In addition to the Wulin and Gushan sites, the Zhejiang Museum also includes Huang Binhong Memorial at Qixia Ridge, the former residence of Sha Menghai on Longyou Road, and the Research Centre for the Preservation of Cultural Heritage at Gudang. In total, it has a combined total floor space of more than 40,000 square metres.
Attendance 2019 – 4,150,000
Image, Jade ring from the Majiabang culture (7,000–6,000 years ago), courtesy of Zhejiang Museum
5 China Science and Technology Museum, Beijing, China
China Science and Technology Museum first opened in 1988 and was then expanded in 2000. In 2006, it moved to a new location, ahead of the 2008 Summer Olympics which took place in Beijing. This museum came in at number 18 on our global list of the most visited museums last year.
The museum explores STEM topics across five exhibition spaces and an area of 48,000 square meters. The permanent installations are Science Paradise, The Glory of China, Science & Technology, Life, Explorations and Discoveries and Challenges of the Future.
Beijing is set to become a ‘city of museums’ as part of a plan revealed in 2020. This will see its historic sites being upgraded in a bid to transform the city into a national cultural centre.
Attendance 2019 – 3,891,000
Image courtesy of Jason Quinn via Wikimedia Commons
6 National Palace Museum, Taipei, Taiwan
The National Palace Museum in Taipei, Taiwan was the 19th most visited museum in the world in last year’s list and is the 6th most visited museum in Asia.
This museum dates back to 1925 and holds a significant collection of Chinese imperial objects and works of art.
The National Palace Museum is set to grow, following an announcement in 2018 that the Taiwan Government had approved a six-year, $324 million development plan. When the project is complete in 2024 it is expected to increase visitor numbers to eight million per year. It also hopes to generate ticket sales of $12.8 million.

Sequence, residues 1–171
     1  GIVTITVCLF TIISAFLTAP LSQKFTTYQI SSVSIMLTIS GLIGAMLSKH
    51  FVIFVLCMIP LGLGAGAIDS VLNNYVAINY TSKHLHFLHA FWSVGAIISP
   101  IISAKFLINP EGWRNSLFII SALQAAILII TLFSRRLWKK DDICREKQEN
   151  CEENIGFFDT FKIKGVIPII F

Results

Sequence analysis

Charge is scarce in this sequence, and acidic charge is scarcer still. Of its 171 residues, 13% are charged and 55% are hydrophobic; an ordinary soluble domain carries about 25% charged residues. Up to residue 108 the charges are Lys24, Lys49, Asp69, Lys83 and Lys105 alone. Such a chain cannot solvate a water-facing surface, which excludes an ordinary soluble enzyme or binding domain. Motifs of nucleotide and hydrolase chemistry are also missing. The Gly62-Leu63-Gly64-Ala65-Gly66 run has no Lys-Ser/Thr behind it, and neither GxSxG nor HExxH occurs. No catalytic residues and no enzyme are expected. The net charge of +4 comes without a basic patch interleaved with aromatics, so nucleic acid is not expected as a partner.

Attendance 2019 – 3,832,000
7 Xi’an Museum, Xi’an, China
Xi’an Museum opened on 18 May, International Museum Day, in 2007. Over three floors, it displays around 130,000 historical items. Many of these were found in the tombs and capital sites of the Zhou Dynasty, the Qin Dynasty, the Han Dynasty and the Tang Dynasty.
These objects help to tell the story of Xi’an, which has been the capital of 13 dynasties throughout history, exploring its economy and social life. The collection includes Buddhist statues, jade articles and official seals, as well as nearly 10,000 paintings and calligraphies.
Attendance 2019 – 3,420,000
8 National Museum of Korea, Seoul, South Korea
The National Museum of Korea is one of the largest museums in Asia, as well as being one of the most visited. In fact, it is the sixth-largest museum in the world in terms of floor space, covering more than 295,000 square metres.
It dates back to 1945 but moved to a new building in 2005. This museum holds South Korea’s most significant collection of history and art. It is home to over 310,000 pieces, around15,000 of which are on display. The six permanent exhibition galleries cover prehistory and ancient history, medieval and early modern history, calligraphy, painting, sculpture and more.
In 2019, South Korea’s Ministry of Culture, Sports and Tourism announced plans to build 140 museums and 46 art galleries by 2023.
Attendance 2019 – 3,354,000
9 Tianjin Natural History Museum, Tianjin, China
Tianjin Natural History Museum began life in 1914 as the Hoangho Paiho Museum. More than 380,000 specimens are held at the museum, which spans three floors and a total area of 12,000 square metres.
It has undergone several name changes and renovations over the years. The current building, in the Tianjin Cultural Centre, has been open to the public since 2014.